The tax code can be used to influence behavior. When taxes are too high, people move, or, more commonly, income gets hidden or deferred. When taxes are lowered people become encouraged and incented to become more productive. One can certainly argue that there has been a polarization of incomes in corporate America with CEO pay rising from about 40X average employee pay to around 300X today. On the other hand, anecdotal evidence suggests mobility –the number of high earners that have emerged from low or middle income parents – has never been higher.
Disincenting people to work and to save is not the answer to our financial plight. Low interest costs may help government today, but at the same time penalizes savers. Increased tax rates on investment income will discourage capital formation and make it more difficult for individuals to accumulate the amount of wealth they will need in retirement. Government intrusion generally adds redundancy and inefficiencies. For example, removing the consumer from the equation in terms of how to spend his health care dollars creates less efficiency, not more.
The problem of debt is considerable; not addressing the root cause – spending what we cannot afford on entitlements – is akin to kicking an inflating balloon down the road. It works until it bursts, as Governor Christie realized was about to happen in New Jersey when he took office.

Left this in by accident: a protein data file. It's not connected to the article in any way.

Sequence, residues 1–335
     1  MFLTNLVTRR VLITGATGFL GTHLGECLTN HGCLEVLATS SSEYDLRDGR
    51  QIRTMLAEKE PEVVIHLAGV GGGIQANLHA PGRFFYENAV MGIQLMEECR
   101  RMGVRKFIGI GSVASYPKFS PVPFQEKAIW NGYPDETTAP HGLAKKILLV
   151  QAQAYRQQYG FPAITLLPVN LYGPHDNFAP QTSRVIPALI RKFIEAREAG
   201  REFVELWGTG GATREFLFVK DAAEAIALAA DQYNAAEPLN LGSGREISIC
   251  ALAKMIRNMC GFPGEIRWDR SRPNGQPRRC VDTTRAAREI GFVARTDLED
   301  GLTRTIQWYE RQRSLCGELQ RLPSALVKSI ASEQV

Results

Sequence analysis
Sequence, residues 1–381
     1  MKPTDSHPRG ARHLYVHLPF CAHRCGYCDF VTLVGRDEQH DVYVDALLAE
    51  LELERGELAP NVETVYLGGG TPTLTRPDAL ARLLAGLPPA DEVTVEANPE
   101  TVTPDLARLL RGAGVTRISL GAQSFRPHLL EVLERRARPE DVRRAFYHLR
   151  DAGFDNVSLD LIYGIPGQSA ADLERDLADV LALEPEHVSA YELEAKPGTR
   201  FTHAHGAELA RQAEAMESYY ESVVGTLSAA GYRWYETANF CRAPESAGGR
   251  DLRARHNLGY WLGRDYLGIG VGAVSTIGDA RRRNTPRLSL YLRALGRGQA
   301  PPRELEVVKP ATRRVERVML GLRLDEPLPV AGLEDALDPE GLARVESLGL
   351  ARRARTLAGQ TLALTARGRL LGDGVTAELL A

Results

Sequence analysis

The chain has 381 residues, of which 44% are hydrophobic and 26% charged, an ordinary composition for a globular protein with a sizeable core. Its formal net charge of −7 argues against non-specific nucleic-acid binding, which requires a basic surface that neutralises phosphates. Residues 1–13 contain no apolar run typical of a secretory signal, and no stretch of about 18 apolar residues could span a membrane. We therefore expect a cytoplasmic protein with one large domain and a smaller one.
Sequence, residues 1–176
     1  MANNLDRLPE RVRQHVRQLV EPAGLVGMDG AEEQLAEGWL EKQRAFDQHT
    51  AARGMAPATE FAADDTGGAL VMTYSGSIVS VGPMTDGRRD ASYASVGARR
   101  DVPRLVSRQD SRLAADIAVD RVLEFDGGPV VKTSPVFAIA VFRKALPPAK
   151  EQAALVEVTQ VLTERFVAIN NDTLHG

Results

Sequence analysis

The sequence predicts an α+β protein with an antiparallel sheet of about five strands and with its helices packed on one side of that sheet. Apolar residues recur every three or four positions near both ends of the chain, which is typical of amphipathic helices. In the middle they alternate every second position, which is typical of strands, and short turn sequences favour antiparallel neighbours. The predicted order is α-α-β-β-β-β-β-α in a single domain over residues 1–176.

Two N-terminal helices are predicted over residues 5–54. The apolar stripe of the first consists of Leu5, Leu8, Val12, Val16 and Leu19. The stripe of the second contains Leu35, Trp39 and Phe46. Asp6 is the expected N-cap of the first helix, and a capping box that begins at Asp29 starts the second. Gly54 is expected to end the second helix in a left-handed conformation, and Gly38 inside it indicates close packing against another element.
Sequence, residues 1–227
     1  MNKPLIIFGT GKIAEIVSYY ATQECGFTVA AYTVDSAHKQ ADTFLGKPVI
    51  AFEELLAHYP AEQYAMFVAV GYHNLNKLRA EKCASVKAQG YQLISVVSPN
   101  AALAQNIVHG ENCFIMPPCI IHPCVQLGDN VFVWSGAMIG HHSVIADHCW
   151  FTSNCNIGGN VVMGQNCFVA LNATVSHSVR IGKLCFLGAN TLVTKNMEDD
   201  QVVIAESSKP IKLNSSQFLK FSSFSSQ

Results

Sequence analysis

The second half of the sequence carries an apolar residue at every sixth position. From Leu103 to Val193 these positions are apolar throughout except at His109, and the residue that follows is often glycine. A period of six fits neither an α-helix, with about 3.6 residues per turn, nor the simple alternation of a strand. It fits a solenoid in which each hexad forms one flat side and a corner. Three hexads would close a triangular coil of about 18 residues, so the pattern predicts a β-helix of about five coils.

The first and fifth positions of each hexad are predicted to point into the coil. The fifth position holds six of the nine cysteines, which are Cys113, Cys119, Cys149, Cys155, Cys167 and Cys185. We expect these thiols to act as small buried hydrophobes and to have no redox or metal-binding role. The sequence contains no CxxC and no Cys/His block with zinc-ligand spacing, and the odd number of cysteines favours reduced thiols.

The President, in his campaign, accused lobbyists of spoiling the brew. They, he claimed, have had undue influence on Congress and regulators and have increased costs. He said that, once President, he would put an end to their game. He has not, which is fine and understandable, because he cannot. The problem is not with the lobbyists; it is with those who let themselves be bought, especially elected officials in Congress, which is another compelling argument for term limits. Lobbyists are paid to try to influence decisions. That is their job and it is their right and they correctly target the most powerful, which is why Senator Dodd received special treatment from the folks at Countrywide Credit. Create term limits and you reduce the power of any one man or woman, without reducing the power of the institution.
In New Jersey, Governor Christie is addressing the deficit in a realistic manner – asking teachers to con tribute 1.5% of their income for their health care and limiting property tax increases to 2.5%. President Obama, if he is serious about debt reduction, could take similar steps, but he would have to target entitlement spending, as Medicare, Medicaid, Social Security and now Health Care represent the bulk of the budget. As well, a push to impose term limits on Congress would be welcome.
Arnold Toynbee, the British historian once remarked that “great civilizations die from suicide rather than murder, which is to say that they die when they no longer possess the will to respond confidently and creatively to the very challenges that would otherwise make them stronger and better.” That need not be our fate.